Remarks by Deputy Chief of Mission David J. Kostelancik
at the 110th Anniversary of the Erecting of the George Washington Statue
September 16, 2016
Jó estét kivanok és köszönöm szépen! Reverend Szűcs, thank you so much for inviting me to speak here on this wonderful occasion. Mayor Karácsony, honored guests, ladies and gentlemen, thank you all for coming today to mark the 110th anniversary of the placing of this statue of George Washington in Városliget by Hungarian Americans. Their love of freedom made them an integral part of the American identity. Today, Hungarian Americans still keep the ties between our nations strong.
Washington was a remarkable figure in American history. He is famous for having been America’s first president – the father of our country – and for having left office at the end of his term, ensuring that our democratic republic would endure.
At the beginning of the American Revolution, Washington was charged with leading a newly formed Continental Army and taking groups of militias from all of the colonies and turning them into a real fighting force. Those of you who have seen members of the U.S. Armed Forces today would not recognize the American military in the militias Washington was given.
They had no order and rejected discipline. They demanded the right to elect their officers and to leave the military any time they felt like they weren’t being treated fairly. Men from different colonies felt like they had nothing in common.
But these men loved liberty. They loved it so much they were willing to take up arms against the only government they had ever known and to be called traitors. Being among Hungarians — a people who have fought against overwhelming forces of oppression — I know you can relate to this extraordinary love of freedom.
Washington, a career military man who lived order and discipline, did not know how to lead these men.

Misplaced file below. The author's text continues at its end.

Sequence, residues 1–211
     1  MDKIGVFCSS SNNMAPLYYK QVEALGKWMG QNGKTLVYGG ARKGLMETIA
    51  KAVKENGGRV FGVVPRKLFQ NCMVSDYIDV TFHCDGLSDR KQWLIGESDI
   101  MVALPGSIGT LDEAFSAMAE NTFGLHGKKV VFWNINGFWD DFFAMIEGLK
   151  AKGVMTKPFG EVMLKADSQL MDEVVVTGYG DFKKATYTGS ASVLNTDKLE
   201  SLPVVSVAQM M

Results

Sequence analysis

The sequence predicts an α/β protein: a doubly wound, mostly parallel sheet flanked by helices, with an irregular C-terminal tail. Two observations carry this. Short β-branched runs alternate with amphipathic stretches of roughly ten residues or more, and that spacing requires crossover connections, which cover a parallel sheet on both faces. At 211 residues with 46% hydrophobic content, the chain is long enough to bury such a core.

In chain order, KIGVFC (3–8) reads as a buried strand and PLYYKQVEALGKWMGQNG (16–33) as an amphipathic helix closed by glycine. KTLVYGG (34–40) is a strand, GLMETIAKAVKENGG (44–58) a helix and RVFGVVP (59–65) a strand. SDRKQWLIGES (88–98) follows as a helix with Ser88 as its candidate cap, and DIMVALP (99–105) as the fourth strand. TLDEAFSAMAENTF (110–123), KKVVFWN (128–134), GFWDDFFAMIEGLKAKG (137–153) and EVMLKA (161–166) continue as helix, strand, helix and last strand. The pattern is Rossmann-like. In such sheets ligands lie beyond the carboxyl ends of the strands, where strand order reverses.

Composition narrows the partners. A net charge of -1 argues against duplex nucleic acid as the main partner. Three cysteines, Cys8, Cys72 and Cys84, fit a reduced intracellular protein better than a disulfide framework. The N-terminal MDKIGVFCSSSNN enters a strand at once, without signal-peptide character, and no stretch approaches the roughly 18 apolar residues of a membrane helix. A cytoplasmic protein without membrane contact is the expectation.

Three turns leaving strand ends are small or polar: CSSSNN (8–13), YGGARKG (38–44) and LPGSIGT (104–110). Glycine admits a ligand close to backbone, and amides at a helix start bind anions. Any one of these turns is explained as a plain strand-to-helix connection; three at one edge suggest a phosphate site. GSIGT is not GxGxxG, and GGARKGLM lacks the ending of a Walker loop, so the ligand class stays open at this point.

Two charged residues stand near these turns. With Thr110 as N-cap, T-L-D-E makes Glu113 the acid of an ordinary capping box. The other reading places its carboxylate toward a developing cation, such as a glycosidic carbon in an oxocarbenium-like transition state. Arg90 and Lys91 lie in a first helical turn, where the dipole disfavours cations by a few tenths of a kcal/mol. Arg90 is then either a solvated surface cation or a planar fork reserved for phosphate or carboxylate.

But he would not stay defeated. Washington’s genius was in overcoming this series of spectacular losses. He learned to adapt his own command to the strengths of his army – its passion, ingenuity, and determination. He called on the assistance of European officers – including Hungarian Colonel Mihály Kováts – to teach his men to be soldiers. He inspired these men who had rejected military discipline to follow him through extraordinary hardships and terrible battles because of his courage, compassion, humility, and resolve.
Washington won a series of daring victories, defeating armies much larger, better trained, and better equipped than his. But what endeared him to his troops was his fairness, his kindness, and his willingness to endure the same difficulties they faced.
The greatness of this man was bound up in his goodness. When British troops refused to take prisoners and put wounded American soldiers to death, Washington demanded his men always allow the enemy to surrender and to treat their prisoners humanely. He and his forces treated captured German mercenaries so well, that at war’s end, a quarter of them decided to stay in the United States and make their homes there. Many more went back to Germany to get their families and return to America. It was this same promise of freedom that encouraged many Hungarians to make their homes in America after the revolutions of 1848 and 1956.
Today, more than two hundred years after Washington’s death and 110 years since the placing of this statue, Washington’s ideal for America endures. We are a people of different customs, different backgrounds, and different faiths. But we are united by our love of liberty. And together, we have and will continue to do great things. Today, I’m so proud that my country is able to work with freedom loving people around the world – including here in Hungary – to protect and preserve the liberties we enjoy. And to work together to continue accomplishing great things.